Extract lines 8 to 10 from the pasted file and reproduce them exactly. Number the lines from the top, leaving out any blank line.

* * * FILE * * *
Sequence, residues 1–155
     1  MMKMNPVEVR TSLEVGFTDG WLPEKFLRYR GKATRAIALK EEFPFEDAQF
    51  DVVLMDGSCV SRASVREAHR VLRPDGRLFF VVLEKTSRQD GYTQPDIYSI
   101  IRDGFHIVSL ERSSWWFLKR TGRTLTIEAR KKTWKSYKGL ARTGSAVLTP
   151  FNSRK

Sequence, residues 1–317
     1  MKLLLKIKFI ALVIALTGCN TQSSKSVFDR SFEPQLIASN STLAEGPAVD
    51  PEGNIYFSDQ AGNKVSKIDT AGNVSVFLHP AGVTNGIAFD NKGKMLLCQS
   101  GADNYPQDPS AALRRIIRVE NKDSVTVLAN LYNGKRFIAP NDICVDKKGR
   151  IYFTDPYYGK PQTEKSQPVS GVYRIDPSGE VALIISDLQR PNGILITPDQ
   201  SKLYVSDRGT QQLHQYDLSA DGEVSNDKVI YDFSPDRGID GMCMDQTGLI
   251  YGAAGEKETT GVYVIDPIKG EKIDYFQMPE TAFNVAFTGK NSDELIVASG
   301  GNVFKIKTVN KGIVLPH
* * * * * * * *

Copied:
    51  PEGNIYFSDQ AGNKVSKIDT AGNVSVFLHP AGVTNGIAFD NKGKMLLCQS
   101  GADNYPQDPS AALRRIIRVE NKDSVTVLAN LYNGKRFIAP NDICVDKKGR
   151  IYFTDPYYGK PQTEKSQPVS GVYRIDPSGE VALIISDLQR PNGILITPDQ